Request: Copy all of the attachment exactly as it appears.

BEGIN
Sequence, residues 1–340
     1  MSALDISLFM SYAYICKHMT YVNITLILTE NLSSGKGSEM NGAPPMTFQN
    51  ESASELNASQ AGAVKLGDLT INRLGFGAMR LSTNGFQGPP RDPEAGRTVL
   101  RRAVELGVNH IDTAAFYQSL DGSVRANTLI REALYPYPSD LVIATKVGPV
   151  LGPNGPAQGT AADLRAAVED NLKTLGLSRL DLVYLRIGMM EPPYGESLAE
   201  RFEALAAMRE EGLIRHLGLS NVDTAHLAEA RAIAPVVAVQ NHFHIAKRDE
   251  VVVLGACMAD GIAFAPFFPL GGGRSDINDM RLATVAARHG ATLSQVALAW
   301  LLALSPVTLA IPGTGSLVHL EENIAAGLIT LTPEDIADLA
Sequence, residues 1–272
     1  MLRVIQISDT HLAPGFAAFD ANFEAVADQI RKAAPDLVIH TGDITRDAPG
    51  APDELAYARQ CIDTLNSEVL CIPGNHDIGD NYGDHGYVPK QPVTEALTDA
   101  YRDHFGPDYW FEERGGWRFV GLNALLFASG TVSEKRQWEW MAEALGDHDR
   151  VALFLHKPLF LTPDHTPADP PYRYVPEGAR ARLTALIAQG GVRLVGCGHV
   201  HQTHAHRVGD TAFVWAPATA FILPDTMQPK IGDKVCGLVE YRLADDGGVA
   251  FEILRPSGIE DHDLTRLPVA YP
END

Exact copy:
Sequence, residues 1–340
     1  MSALDISLFM SYAYICKHMT YVNITLILTE NLSSGKGSEM NGAPPMTFQN
    51  ESASELNASQ AGAVKLGDLT INRLGFGAMR LSTNGFQGPP RDPEAGRTVL
   101  RRAVELGVNH IDTAAFYQSL DGSVRANTLI REALYPYPSD LVIATKVGPV
   151  LGPNGPAQGT AADLRAAVED NLKTLGLSRL DLVYLRIGMM EPPYGESLAE
   201  RFEALAAMRE EGLIRHLGLS NVDTAHLAEA RAIAPVVAVQ NHFHIAKRDE
   251  VVVLGACMAD GIAFAPFFPL GGGRSDINDM RLATVAARHG ATLSQVALAW
   301  LLALSPVTLA IPGTGSLVHL EENIAAGLIT LTPEDIADLA
Sequence, residues 1–272
     1  MLRVIQISDT HLAPGFAAFD ANFEAVADQI RKAAPDLVIH TGDITRDAPG
    51  APDELAYARQ CIDTLNSEVL CIPGNHDIGD NYGDHGYVPK QPVTEALTDA
   101  YRDHFGPDYW FEERGGWRFV GLNALLFASG TVSEKRQWEW MAEALGDHDR
   151  VALFLHKPLF LTPDHTPADP PYRYVPEGAR ARLTALIAQG GVRLVGCGHV
   201  HQTHAHRVGD TAFVWAPATA FILPDTMQPK IGDKVCGLVE YRLADDGGVA
   251  FEILRPSGIE DHDLTRLPVA YP